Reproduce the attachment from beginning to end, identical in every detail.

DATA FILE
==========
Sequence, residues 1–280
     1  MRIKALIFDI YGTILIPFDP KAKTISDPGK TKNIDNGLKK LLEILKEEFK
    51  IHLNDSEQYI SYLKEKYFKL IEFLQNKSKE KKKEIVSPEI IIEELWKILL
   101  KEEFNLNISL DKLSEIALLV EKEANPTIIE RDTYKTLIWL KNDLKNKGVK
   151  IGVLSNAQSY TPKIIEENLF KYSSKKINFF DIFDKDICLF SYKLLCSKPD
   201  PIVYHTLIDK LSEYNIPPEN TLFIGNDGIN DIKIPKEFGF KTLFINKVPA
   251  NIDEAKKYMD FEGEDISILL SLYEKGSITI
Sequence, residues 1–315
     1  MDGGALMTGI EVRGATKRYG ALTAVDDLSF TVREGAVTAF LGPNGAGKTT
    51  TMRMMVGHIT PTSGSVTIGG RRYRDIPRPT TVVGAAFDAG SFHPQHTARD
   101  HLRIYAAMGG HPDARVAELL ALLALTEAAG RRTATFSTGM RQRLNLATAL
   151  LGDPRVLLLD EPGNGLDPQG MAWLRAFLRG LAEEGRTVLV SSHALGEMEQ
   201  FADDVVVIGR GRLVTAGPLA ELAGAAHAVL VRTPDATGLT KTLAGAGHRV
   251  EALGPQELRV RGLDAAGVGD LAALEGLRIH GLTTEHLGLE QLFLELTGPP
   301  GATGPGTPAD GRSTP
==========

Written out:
Sequence, residues 1–280
     1  MRIKALIFDI YGTILIPFDP KAKTISDPGK TKNIDNGLKK LLEILKEEFK
    51  IHLNDSEQYI SYLKEKYFKL IEFLQNKSKE KKKEIVSPEI IIEELWKILL
   101  KEEFNLNISL DKLSEIALLV EKEANPTIIE RDTYKTLIWL KNDLKNKGVK
   151  IGVLSNAQSY TPKIIEENLF KYSSKKINFF DIFDKDICLF SYKLLCSKPD
   201  PIVYHTLIDK LSEYNIPPEN TLFIGNDGIN DIKIPKEFGF KTLFINKVPA
   251  NIDEAKKYMD FEGEDISILL SLYEKGSITI
Sequence, residues 1–315
     1  MDGGALMTGI EVRGATKRYG ALTAVDDLSF TVREGAVTAF LGPNGAGKTT
    51  TMRMMVGHIT PTSGSVTIGG RRYRDIPRPT TVVGAAFDAG SFHPQHTARD
   101  HLRIYAAMGG HPDARVAELL ALLALTEAAG RRTATFSTGM RQRLNLATAL
   151  LGDPRVLLLD EPGNGLDPQG MAWLRAFLRG LAEEGRTVLV SSHALGEMEQ
   201  FADDVVVIGR GRLVTAGPLA ELAGAAHAVL VRTPDATGLT KTLAGAGHRV
   251  EALGPQELRV RGLDAAGVGD LAALEGLRIH GLTTEHLGLE QLFLELTGPP
   301  GATGPGTPAD GRSTP